#3: Classic Flyers first period
As has happened many times over the past few weeks, the Flyers actually got off to a fairly strong start, racing out to an early 9-5 edge in shot attempts and creating numerous scoring chances, including a Raffl deflection that rang off the post and a strong Couturier rush opportunity. But as has also been characteristic of the Flyers over the past month, they could not turn that consistent pressure into a goal, and just after a fruitless Philadelphia power play, the Penguins made them pay. Philadelphia could have survived a failed clear by Shayne Gostisbehere, but then Mark Streit got completely lost in coverage and allowed Sidney Crosby (the one guy who you absolutely can’t forget about) to get behind him, making the end result of the play inevitable.
Following that error, the Flyers were scrambling for the next few minutes, but did collect themselves for the final few shifts of the period, resulting in a slight play-driving edge (53.62% score-adjusted Corsi, 57.09% xG) for the opening stanza on the whole. But due to their inability to finish on chances and their tendency to make the breakdowns especially egregious, all of the good things they did to largely control the pace in the opening period were for naught.
#4: Neuvirth was a predictable goat
If you went back in time and told a Flyers fan in November of 2016 that Michal Neuvirth would start eight of nine February games and then earn the nod over Steve Mason in the Stadium Series game, the logical assumption on the part of November Flyers fan would be that Neuvirth took a stranglehold on the starting job via stellar play. But that fan would be wrong. Instead, Neuvirth entered last night’s game with an 0.894 save percentage in February, far from the resume of a “hot” goalie. Nevertheless, Hakstol chose to ride Neuvirth yet again in this high-profile game, to disastrous results. Pittsburgh’s first goal was essentially unstoppable, but the second was one that he could have had, and then the final two were obviously ones that he should have had.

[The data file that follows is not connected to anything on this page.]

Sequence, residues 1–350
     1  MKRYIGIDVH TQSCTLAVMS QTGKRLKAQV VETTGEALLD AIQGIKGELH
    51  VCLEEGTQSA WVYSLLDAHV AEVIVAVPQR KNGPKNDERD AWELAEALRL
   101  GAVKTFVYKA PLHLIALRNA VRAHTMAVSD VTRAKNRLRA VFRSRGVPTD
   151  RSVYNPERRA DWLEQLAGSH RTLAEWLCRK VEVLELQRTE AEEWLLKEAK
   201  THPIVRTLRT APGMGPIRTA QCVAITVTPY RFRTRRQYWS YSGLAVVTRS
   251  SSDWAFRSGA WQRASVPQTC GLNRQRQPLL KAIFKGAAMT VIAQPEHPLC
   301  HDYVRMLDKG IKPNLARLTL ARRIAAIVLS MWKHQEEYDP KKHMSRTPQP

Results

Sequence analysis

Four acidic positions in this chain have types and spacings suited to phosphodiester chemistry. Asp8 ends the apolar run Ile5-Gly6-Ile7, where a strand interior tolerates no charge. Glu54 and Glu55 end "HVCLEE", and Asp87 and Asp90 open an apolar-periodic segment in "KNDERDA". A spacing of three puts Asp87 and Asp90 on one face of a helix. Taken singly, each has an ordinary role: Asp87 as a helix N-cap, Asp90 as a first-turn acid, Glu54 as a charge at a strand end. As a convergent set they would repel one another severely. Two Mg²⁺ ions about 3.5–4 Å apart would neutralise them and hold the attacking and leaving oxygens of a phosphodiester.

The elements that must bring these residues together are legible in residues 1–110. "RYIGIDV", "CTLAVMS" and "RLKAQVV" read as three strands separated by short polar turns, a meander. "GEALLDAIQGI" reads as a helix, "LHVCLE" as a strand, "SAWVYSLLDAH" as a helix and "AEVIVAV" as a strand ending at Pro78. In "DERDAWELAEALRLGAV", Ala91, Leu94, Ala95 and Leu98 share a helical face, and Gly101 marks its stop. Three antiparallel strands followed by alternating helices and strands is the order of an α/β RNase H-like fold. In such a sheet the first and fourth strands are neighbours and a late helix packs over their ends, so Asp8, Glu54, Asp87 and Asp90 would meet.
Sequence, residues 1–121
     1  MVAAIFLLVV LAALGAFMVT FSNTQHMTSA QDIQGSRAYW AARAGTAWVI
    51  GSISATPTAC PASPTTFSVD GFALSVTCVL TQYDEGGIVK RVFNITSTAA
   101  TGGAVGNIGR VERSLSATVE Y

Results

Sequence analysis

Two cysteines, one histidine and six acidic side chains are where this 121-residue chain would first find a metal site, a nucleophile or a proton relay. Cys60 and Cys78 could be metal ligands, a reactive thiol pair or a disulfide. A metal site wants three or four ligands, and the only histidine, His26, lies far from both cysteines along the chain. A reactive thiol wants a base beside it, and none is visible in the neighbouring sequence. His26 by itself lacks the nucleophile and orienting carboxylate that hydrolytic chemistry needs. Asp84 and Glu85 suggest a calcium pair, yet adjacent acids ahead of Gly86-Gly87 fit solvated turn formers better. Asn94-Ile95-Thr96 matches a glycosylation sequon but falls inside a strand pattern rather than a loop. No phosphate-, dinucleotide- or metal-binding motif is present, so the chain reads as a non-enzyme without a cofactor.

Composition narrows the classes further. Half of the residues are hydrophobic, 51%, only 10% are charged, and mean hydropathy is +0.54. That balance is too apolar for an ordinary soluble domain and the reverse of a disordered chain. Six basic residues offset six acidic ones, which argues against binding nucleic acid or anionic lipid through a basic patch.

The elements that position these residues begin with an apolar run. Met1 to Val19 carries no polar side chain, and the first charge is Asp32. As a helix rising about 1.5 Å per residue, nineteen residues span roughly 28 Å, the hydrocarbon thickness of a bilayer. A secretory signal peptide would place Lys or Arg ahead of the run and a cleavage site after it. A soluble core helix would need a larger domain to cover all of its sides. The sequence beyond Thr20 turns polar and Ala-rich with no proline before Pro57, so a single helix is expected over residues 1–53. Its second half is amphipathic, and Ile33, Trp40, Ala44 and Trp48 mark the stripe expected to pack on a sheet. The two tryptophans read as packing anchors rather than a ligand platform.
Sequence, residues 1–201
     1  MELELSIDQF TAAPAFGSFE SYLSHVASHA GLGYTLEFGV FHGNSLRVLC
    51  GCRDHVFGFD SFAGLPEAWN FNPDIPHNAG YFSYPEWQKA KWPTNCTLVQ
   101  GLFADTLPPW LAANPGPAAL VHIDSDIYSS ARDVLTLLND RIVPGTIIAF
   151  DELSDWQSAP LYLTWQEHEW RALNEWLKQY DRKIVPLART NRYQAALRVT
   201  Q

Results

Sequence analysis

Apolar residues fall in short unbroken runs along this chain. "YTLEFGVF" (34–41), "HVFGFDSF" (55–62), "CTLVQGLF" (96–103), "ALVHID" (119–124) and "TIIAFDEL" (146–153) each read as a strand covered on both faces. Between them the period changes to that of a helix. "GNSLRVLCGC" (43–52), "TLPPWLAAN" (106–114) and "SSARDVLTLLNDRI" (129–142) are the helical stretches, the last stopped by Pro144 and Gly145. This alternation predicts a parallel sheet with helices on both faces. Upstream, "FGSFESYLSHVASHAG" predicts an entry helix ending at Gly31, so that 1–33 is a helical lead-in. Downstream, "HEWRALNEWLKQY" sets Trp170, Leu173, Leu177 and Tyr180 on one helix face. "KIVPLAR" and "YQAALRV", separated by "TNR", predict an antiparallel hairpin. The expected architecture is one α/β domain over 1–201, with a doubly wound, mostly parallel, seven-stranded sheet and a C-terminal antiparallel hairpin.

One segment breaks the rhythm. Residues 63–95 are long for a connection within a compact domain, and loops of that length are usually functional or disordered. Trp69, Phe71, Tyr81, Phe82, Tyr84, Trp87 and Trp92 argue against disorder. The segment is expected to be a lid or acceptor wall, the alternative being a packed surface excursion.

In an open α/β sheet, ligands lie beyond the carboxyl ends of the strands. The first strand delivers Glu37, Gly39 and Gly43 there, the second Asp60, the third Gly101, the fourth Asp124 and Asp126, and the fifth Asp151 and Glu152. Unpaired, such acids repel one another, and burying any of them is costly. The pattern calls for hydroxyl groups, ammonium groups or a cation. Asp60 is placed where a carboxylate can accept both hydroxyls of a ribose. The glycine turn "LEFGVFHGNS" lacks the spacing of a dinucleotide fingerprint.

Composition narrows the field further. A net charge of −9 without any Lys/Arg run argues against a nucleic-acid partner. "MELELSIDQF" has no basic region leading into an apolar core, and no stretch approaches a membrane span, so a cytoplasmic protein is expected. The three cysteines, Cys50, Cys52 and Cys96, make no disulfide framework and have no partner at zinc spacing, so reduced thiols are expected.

This really shouldn’t have come as a surprise. Neuvirth was not playing particularly good hockey recently, nor has he played particularly good hockey all season long. For all of the (justified) grief that Mason has received from Flyers fans, it’s important to note that his full-season save percentage (0.900) remained superior to that of Neuvirth (0.888) entering last night’s game, and now the gap is even larger. Truthfully, I’m not sure I would have started Mason in this game considering the circumstances -- after all, he’s played just one game over the last 25 days. The real problem was that the team was backed into a corner because of their refusal to split the games more evenly in February. For this pivotal game, their two choices were a struggling goalie, or a guy who has barely played all month. It’s no surprise that the situation ended in disaster.
#5: Penguins’ thin defense hurt their breakout game